While the TNA’s principled stand against the Arcelor Mittal scheme was welcome, the TNA failed to use its leverage to oust Swaminathan, who with the cabinet reshuffle in May this year was given the portfolio of Northern Development as well. On agriculture, on fisheries, on palmyrah-based production and other rural sectors, the reconstruction work over the last three and a half years of the Wickremesinghe Government has been an abysmal failure. For example, the famous Thickham Distillery, crucial for the livelihoods of oppressed caste toddy tappers in Jaffna to increase their production and incomes, has remained idle for four years. The TNA is answerable for their deep slumber in parliament as the social and economic lives of its constituencies deteriorated.
Democratic path ahead
History is not generous with political openings. The constitutional political solution – the sole concern of the TNA over the last few years that too in the realm of experts as opposed to mobilizing the people – is for all purposes dead in the near future. Regardless of how the current political impasse is resolved, the road ahead is going to be difficult.
These are times, to borrow from the Marxist-thinker Antonio Gramasci, for a “war of position”. That is ideological battles to confront the undemocratic moves of those in power and resist the ethnic polarization mobilized by the nationalists on all sides. Preserving and expanding the democratic space won over the last few years is a priority for all the people in the country, and particularly the North where the winds of fear are again blowing.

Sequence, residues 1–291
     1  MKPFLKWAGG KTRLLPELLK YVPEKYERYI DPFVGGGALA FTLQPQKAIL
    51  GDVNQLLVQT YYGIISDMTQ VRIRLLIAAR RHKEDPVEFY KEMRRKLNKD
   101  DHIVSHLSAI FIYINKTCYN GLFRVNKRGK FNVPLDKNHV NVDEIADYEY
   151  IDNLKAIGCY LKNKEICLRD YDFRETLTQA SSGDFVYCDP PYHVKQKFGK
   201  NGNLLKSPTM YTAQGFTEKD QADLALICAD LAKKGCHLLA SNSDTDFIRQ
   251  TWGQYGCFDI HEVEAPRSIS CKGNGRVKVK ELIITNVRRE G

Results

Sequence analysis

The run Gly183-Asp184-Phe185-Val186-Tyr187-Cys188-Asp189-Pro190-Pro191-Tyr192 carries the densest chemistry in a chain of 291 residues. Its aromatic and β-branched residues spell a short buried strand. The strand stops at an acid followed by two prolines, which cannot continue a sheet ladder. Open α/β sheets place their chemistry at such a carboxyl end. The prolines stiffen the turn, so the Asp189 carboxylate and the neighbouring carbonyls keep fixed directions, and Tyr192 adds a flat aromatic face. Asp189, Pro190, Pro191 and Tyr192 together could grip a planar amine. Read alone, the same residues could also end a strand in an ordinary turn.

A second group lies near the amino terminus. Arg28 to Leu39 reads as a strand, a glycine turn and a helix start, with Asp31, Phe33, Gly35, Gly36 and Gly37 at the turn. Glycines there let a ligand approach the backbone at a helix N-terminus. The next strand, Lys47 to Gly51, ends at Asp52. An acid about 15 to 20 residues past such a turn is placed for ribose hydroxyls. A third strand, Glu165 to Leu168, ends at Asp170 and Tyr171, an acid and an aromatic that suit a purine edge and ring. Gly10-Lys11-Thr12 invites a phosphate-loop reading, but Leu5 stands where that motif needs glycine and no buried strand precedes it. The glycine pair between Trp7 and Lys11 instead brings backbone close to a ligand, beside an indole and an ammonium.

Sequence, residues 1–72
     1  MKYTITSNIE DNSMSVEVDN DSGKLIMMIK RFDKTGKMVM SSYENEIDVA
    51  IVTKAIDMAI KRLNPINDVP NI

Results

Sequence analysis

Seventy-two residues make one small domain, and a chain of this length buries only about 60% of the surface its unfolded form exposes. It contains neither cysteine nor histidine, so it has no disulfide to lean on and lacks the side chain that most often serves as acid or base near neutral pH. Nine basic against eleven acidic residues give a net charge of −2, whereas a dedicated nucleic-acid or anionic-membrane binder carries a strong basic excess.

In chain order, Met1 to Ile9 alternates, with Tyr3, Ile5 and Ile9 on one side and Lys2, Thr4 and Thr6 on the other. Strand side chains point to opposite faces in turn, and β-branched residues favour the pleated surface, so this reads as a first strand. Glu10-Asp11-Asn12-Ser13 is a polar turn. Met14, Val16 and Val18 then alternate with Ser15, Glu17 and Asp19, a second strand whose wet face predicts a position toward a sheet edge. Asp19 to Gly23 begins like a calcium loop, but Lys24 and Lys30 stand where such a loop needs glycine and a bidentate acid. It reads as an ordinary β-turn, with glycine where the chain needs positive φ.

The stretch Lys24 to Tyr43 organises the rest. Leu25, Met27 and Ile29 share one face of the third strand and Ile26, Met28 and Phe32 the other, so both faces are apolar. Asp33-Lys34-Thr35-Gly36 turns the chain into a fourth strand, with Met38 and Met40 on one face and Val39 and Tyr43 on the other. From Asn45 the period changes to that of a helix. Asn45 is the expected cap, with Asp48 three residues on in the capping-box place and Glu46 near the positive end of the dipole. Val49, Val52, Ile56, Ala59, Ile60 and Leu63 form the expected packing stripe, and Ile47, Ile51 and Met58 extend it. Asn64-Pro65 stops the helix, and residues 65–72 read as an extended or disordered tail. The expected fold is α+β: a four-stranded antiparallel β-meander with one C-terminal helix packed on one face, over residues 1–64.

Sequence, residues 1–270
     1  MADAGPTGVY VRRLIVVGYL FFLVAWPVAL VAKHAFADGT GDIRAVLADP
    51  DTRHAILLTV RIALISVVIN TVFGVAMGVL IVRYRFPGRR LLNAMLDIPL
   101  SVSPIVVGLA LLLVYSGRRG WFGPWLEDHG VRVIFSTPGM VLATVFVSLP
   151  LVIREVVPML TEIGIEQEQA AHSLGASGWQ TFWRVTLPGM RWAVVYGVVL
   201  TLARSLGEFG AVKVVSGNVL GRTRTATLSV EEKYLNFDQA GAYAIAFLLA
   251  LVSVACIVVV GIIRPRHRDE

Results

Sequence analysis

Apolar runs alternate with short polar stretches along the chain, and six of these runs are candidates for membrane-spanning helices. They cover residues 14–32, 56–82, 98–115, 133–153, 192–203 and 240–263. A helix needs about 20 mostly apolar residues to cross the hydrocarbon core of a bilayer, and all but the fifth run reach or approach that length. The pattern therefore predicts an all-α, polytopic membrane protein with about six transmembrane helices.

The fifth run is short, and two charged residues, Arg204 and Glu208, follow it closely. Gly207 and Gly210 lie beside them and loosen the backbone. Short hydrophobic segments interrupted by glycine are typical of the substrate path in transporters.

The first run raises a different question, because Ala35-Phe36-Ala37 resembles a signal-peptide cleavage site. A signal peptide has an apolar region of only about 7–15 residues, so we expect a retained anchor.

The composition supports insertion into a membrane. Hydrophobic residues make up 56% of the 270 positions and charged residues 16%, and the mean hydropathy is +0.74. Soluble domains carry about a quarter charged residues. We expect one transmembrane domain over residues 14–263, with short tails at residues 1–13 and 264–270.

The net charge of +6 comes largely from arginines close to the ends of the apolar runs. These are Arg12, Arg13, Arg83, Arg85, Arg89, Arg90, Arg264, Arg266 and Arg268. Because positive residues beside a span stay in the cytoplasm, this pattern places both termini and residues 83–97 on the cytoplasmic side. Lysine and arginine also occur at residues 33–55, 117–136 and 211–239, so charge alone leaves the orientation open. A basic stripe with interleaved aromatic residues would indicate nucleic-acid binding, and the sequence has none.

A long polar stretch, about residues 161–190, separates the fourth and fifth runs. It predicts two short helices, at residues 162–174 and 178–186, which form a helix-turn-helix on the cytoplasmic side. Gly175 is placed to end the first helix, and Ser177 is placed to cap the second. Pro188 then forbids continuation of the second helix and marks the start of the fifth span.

A lesson the rest of the country can learn from the North is that democracy, which is now the subject of debate in Colombo, has for long been undermined in the periphery. Peoples’ everyday lives whether it be interactions with the social welfare arms of the state such as Samurdhi or the repressive arms of the state such as the police, are of an alienating if not repressive encounter. If rebuilding democracy is the urgent task of the hour, it is important to start from the periphery with issues facing the working and rural people as well as the minorities. When a people-centred democracy begins to make sense for those on the margins, the state structures in Colombo will also fall in place.